Texture is one of the best ways to add depth and life to any web design. When used carefully, it can help create an expressive and organic experience, but when over-done, it can lead to tacky mess.
Itâ€™s not easy to strike the perfect balance, but when you do, something very natural and memorable surfaces. Thereâ€™s tons of variety in the way textures can be used by web designers, but overall the results tend to fall into 3 categories: photographic, pattern or simulation. Each type has its own purpose, and itâ€™s up to you to decide which one you like best for which project.
Check out this list featuring some of the best examples of texture in web design:
Poco Peopleâ€™s gigantic photo background serves a few different purposes, namely to introduce the team, set the mood and hint at where theyâ€™re from. Near the top and bottom of the design, the background functions more abstractly like a texture (instead of a clear photograph), as it blurs and fades to balance visual interest and distraction.
âž¤Â Â Poco People
As we said in our article on minimalism, Christopher Meeks, a freelance web designer from St. Louis, presents only the essential bits of information in stark white over a beautiful grainy photograph. While some details are hard to find due to the navigationâ€™s simplicity (try clicking the arrow on the right of his logo for more information), thereâ€™s never a frustrating moment of usability failure.
âž¤Â Christopher Meeks
Pablo Gonzalezâ€™s portfolio showcases the possibility of photographic textures. The subjects of a photo arenâ€™t the focus, but the aesthetic value is still there.
âž¤Â Â Pablo Gonzalez
As we said in our roundup of 9 gorgeous examples of black and white websites, Blissfully Aware is a cross between a collage and an appendix.Â Josh Laneâ€™s site showcases a perfect use of space, making it easy for the eyes to bounce around from heading to heading.
âž¤Â Blissfully Aware
âž¤Â Â Wearable Print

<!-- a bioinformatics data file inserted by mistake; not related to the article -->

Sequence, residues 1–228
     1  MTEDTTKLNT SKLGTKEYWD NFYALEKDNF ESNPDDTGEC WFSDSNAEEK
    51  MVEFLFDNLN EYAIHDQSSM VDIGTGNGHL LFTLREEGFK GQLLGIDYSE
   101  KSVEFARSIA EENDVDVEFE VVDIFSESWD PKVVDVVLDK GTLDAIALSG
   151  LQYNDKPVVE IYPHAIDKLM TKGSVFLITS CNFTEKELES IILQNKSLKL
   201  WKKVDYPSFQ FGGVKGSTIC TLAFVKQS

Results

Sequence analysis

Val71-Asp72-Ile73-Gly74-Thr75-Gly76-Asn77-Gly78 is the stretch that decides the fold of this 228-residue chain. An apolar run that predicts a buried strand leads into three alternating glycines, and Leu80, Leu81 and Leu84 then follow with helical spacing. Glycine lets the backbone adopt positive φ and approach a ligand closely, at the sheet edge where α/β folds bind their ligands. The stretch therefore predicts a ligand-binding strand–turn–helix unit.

âž¤Â Amazee labs
Hugs for Monsters shares a similar appeal with Amazee Labs, but with a more modern feel. Itâ€™s very illustrative, with a texture pattern that carries on throughout the entire page.
âž¤Â Create Digital Media
BERG Cloud, of Little Printer fame, shows off itâ€™s minimalistic roots with a balance of subtle textures and solid colors.
âž¤Â BERG Cloud
Simulations & Illustrations
âž¤Â Â Kaleidoscope App
Pointless Corpâ€™s wood background is just right. Simulated textures with the intention of looking realistic can easily beÂ messed up, unless they are dead on.
Electric Peelâ€™s design (created by Ryan Scherf) has a perferated leather-like header background, with a neon-banana body background. Thatâ€™s right. Neon-banana.
âž¤Â Electric Peel
Bloom Healthâ€™s page (also by Ryan Scherf) follows a formular similar to Electric Peel, but with a calmer approach. The wood isnâ€™t hyper-realistic, but feels right behind the casual, cutÂ and pasted illustrations.
âž¤Â Bloom Health
Polargoldâ€™s subtle illustration falls right into the background, making it less about the objects and more about the mood it sets for the entire page.
Throughout all of these awesome examples, balance is key. Busy elements, like the animations onÂ Create Digital Mediaâ€˜s site, have to be met with calmer backgrounds, whileÂ Amazee labsâ€˜s letterpress inspired design creates visual interest with texture in the forefront. No matter what styles you embrace, itâ€™s important to use texture with restraint.
With these sites for inspiration, itâ€™s hard to deny that texture can be used to create an amazing design â€” so long as itâ€™s in the right hands.